If you’ve never been for skin-cancer screening or are about to go for one, here’s what you can expect during your appointment.
There are plenty of things I know I’m supposed to do for my health that I admit I skip (and yes, 90% of them are gym-related). A skin-cancer screening, though, isn’t one of them. Nonmelanoma skin cancers may be slowly decreasing, but melanoma is on the rise – and it’s the most common cancer for my age group (25- to 29-year-olds).
I asked dermatologist Jeannette Graf, an assistant clinical professor of dermatology at Mount Sinai Medical Center in New York City, to demystify this important annual appointment.
"Patients fear the unknown, or they cancel their appointment because they’ve been on vacation and they feel guilty about their tan. But before they know it, six months have gone by." Graf says there’s nothing to fear. The appointment will be quick and painless – at least this time.
It only takes about 15 minutes. First, the doctor will ask you about both your family and personal skin history – whether anyone has had skin cancer, how often you’re exposed to the sun, how many sunburns you’ve had, and of course, whether you’ve ever done any indoor tanning.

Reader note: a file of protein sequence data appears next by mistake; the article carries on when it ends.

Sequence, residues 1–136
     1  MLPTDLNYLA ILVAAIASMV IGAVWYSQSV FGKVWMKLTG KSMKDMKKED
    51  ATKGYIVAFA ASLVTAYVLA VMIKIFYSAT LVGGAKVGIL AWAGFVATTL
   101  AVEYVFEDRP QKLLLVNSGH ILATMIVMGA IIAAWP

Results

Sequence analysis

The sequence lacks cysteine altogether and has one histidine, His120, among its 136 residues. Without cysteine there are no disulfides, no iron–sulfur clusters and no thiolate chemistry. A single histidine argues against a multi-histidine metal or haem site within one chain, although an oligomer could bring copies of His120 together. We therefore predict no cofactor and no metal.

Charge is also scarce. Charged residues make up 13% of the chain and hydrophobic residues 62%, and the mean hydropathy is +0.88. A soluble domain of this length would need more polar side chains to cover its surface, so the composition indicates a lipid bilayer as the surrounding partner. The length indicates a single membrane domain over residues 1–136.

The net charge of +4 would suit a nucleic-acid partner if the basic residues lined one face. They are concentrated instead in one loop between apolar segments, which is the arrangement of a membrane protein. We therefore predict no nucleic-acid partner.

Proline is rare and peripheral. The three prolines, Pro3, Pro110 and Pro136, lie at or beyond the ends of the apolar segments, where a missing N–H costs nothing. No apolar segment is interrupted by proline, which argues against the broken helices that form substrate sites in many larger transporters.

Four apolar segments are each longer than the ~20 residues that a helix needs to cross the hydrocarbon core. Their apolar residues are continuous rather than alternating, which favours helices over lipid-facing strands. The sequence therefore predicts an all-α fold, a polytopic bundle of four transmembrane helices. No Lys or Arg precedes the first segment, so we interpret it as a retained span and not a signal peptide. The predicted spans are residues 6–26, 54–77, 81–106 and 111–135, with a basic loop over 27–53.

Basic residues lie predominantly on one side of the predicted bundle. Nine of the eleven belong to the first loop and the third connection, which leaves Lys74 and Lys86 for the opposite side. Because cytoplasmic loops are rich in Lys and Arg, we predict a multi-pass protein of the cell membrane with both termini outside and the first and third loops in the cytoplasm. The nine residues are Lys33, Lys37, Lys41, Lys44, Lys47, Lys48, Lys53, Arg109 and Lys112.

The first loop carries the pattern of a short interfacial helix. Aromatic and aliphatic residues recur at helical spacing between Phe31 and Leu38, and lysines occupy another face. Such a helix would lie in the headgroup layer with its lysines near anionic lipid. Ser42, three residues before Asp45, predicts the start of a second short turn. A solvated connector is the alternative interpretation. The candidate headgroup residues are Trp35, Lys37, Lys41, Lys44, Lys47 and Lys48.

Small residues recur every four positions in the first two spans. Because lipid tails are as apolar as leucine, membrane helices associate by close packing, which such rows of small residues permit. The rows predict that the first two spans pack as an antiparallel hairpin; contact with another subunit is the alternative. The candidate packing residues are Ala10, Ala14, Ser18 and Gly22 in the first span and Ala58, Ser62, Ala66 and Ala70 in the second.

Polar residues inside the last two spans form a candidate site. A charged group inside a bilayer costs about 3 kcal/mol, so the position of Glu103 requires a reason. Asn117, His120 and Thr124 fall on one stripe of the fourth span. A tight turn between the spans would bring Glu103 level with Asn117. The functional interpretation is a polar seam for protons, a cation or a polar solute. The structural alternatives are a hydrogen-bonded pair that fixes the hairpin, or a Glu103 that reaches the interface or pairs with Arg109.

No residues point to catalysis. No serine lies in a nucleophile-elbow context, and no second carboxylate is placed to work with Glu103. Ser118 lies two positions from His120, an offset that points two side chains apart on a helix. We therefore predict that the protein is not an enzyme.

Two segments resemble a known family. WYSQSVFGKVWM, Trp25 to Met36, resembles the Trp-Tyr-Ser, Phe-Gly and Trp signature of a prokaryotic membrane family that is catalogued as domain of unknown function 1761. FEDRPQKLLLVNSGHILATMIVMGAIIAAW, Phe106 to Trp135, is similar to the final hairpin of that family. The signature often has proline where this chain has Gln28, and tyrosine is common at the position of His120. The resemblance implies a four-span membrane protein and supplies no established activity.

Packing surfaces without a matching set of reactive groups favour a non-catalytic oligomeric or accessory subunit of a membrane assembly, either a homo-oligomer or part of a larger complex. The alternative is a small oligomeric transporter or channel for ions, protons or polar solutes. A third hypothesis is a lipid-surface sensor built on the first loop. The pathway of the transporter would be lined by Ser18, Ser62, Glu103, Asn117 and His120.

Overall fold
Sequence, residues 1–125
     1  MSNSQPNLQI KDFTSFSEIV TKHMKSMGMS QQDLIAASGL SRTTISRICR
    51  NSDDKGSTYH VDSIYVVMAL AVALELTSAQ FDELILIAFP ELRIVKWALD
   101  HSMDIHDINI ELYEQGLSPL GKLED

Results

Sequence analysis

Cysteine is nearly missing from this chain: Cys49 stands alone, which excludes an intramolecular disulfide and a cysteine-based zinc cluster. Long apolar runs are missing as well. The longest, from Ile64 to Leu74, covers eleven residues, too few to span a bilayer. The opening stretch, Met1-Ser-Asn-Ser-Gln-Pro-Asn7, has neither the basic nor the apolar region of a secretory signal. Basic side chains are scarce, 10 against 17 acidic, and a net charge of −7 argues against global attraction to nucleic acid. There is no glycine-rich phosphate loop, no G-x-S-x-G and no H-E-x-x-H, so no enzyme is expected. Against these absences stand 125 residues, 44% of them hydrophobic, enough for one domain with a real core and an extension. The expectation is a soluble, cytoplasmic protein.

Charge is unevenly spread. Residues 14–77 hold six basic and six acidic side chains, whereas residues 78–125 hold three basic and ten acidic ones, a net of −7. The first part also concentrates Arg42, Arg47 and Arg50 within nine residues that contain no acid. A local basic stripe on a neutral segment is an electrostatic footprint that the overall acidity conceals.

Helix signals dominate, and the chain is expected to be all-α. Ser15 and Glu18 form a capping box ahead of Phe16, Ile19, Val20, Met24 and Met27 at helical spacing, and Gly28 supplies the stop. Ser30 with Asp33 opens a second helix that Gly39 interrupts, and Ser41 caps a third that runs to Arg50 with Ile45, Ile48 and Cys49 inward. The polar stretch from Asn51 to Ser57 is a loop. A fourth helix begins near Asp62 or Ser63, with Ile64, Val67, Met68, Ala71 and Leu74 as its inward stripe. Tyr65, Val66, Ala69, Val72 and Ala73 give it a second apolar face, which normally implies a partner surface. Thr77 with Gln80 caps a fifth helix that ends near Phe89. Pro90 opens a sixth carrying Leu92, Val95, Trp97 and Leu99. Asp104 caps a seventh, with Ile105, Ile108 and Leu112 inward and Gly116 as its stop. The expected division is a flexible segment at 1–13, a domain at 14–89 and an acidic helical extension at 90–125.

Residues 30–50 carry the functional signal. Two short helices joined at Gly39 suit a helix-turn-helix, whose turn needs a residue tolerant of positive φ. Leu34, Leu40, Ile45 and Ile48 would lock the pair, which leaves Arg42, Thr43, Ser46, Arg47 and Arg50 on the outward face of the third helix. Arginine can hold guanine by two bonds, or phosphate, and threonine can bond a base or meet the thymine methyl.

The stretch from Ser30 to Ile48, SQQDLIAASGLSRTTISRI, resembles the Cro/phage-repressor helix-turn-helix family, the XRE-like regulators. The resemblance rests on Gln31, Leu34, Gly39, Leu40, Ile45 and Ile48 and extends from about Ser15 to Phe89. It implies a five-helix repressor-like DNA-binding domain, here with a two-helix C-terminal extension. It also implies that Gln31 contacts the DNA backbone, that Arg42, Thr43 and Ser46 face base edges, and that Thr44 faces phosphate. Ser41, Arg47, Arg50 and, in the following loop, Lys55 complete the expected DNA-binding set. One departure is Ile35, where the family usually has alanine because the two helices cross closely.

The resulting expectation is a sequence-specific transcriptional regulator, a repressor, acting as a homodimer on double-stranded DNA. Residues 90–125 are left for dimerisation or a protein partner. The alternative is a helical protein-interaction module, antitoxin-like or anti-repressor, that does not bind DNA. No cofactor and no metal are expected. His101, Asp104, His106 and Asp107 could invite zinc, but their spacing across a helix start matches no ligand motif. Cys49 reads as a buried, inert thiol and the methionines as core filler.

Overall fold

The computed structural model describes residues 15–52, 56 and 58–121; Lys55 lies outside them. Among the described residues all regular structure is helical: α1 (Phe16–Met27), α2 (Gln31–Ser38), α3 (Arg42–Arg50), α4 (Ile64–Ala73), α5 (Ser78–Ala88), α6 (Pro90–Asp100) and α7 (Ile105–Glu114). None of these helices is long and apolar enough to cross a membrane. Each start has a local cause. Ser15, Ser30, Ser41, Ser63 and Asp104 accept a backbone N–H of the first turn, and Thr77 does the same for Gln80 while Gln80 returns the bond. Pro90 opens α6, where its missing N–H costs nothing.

You will have to strip. Once you’ve undressed, the doctor will examine every inch of your skin with a magnifying glass, from your scalp to between your toes. If you’re feeling self-conscious, remember that they’ve seen it all before and a few minutes of exposure means knowing the truth about your skin. "This is a great time for you to get familiar with your skin, too," says Graf.
No pinching, squeezing, or cutting. If you need anything removed, that will most likely happen at a later appointment. "If I see something suspicious, I’ll ask you to come back so I can take a closer look," says Graf. That’s when your doctor will schedule a mole removal or order a biopsy.
See, there really is nothing to be scared of. All it takes is 15 minutes and you’ll be better knowing than not and living with the doubt and guilt.
Written by Catherine Devine, this article originally appeared in Allure.
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